(Tina Turner has some mantras if you want to look into her evolved music, to round out the pop.)
Disconnecting from Source/God can be horribly cruel and abrupt. When one realizes that all needs are not constantly met on the planet, there can be an instant rift. Or it can happen over time. Abuse could rush it along. A super busy or exhausted parent might not be able to meet needs of the infant in an instant. It’s no one’s fault. But the kid is going to drop in to humanity regardless of our best efforts.
And when full separation comes, the memory of what was travels in the mind as a form of “seeking”. Usually we look to human interactions first. Hopefully, we find a fraction of unconditional love from family members in childhood. This is easiest to spot in grandparents, because they tend to be present and focused on the child as “perfect”. Parents, both sadly and thankfully, can’t hold that “unconditional” nature 24 hours a day. Many can’t present it for one minute a day.
As we grow, it appears that we start to seek by pleasing, by getting acceptance and praise for behaviors. We lose the awareness of our “universal perfection” and create ego. And then the song title becomes pertinent. “What’s love got to do with it?”
When we look at best friends, future spouses, spiritual leaders, we can catch a glimpse of our true selves for a moment or for long periods of time. The reflection that catches us, energizes us, addicts us to another person is not the person! It is our personal awareness seeing the Truth through the other. It is not maintainable. The other human is, well… human!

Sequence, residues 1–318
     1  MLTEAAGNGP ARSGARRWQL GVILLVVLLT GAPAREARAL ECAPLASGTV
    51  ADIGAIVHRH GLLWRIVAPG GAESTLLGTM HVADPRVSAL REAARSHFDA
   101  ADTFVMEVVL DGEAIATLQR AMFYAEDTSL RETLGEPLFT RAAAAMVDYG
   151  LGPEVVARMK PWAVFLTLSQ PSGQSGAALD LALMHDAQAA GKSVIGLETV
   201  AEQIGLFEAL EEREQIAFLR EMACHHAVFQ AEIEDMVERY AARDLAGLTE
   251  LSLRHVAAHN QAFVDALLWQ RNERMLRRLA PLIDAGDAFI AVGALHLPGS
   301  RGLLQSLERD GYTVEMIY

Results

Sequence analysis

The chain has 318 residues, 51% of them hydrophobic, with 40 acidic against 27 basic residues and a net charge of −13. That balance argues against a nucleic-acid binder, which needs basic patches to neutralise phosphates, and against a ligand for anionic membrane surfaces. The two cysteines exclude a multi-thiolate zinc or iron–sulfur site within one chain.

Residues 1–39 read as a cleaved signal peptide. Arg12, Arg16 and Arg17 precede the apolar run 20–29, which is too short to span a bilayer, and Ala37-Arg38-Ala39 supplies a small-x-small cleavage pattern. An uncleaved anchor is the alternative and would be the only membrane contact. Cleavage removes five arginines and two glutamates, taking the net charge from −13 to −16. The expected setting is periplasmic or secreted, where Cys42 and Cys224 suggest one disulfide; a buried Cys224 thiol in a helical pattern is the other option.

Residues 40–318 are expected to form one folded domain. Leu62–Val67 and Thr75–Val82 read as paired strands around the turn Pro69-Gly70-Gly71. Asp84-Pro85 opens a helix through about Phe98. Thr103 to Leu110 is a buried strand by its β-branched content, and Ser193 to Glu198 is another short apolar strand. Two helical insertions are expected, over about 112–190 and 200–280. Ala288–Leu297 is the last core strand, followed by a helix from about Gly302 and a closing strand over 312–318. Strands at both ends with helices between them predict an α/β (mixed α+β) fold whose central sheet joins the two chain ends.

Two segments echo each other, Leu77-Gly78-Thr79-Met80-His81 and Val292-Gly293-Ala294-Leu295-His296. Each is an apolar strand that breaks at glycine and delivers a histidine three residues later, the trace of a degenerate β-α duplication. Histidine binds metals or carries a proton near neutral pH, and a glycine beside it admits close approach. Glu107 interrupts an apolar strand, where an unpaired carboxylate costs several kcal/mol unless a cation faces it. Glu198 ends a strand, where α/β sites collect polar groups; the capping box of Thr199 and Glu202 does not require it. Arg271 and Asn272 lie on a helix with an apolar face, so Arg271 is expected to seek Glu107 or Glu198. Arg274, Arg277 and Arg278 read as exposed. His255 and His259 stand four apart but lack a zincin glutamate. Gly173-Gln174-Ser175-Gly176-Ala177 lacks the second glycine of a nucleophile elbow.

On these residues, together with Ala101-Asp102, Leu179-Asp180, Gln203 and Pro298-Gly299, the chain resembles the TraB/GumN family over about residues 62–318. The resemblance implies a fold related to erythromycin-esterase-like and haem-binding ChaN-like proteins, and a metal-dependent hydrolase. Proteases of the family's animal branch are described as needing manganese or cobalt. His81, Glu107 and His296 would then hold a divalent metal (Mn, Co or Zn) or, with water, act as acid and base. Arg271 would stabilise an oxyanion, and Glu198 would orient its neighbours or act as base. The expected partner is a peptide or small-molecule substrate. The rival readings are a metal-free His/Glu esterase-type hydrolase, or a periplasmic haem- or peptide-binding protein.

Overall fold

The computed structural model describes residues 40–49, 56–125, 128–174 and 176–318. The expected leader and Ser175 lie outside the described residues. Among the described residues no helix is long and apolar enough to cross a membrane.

Helaine talks about Mom a lot, about how she received such undeniable, unconditional love through Mom’s words and compassion. I feel very blessed to have that awareness from my parents as well! Mom was an excellent conduit of unconditional love to abundant numbers of people. And she was human, with human frailties.
Kwami and I watched a video on Krishna Dass. I was only aware of this man through words spoken by Ram Dass, or written by him, positive ones. The movie followed a Krishna Dass devotee through a human experience with a person he was seeing as his guru. Krishna Dass has pronounced “frailties”. I can easily judge the biggest one, that he is an old guy who sleeps with young women, using his gift of “unconditional love from Source” as the carrot that draws them. I definitely judge that. Ram Dass said a few words in the movie that were also not appreciative of the behaviors.
But human experiences bring people closer to what they are seeking, and often the experiences are hell. The devotee struggled through the movie, because he had been using the reflection of God that is so easily passed by a guru (or priest, or fiance), to be in love with himself, with the Source within himself. But that is still using human interaction.
Eventually the evolved person will be able to turn inward and see their own connection or even universal part of the God being. People use the word “enlightenment”. An enlightened person is still a human! As we look at Krishna Dass, even his human moments are teaching others and leading them to separate from him and find the connection inside.
I would rather look at Mother Therese, Amma the hugging saint, or other enlightened beings that show a lot less human qualities. Some people are just merged with the Eternal and less connected to human form. Some even come in that way, from birth, and never leave their awareness state.
We all have roles to play, and every role is perfect. So even though I have human judgment for the Krishna Dass game plan, I also see that he is bringing every person he interacts with closer to knowing the true Self. He uses heaven and hell to get people there. And his abhorrent human behaviors are exactly what some people need to push them over the edge. Ironic.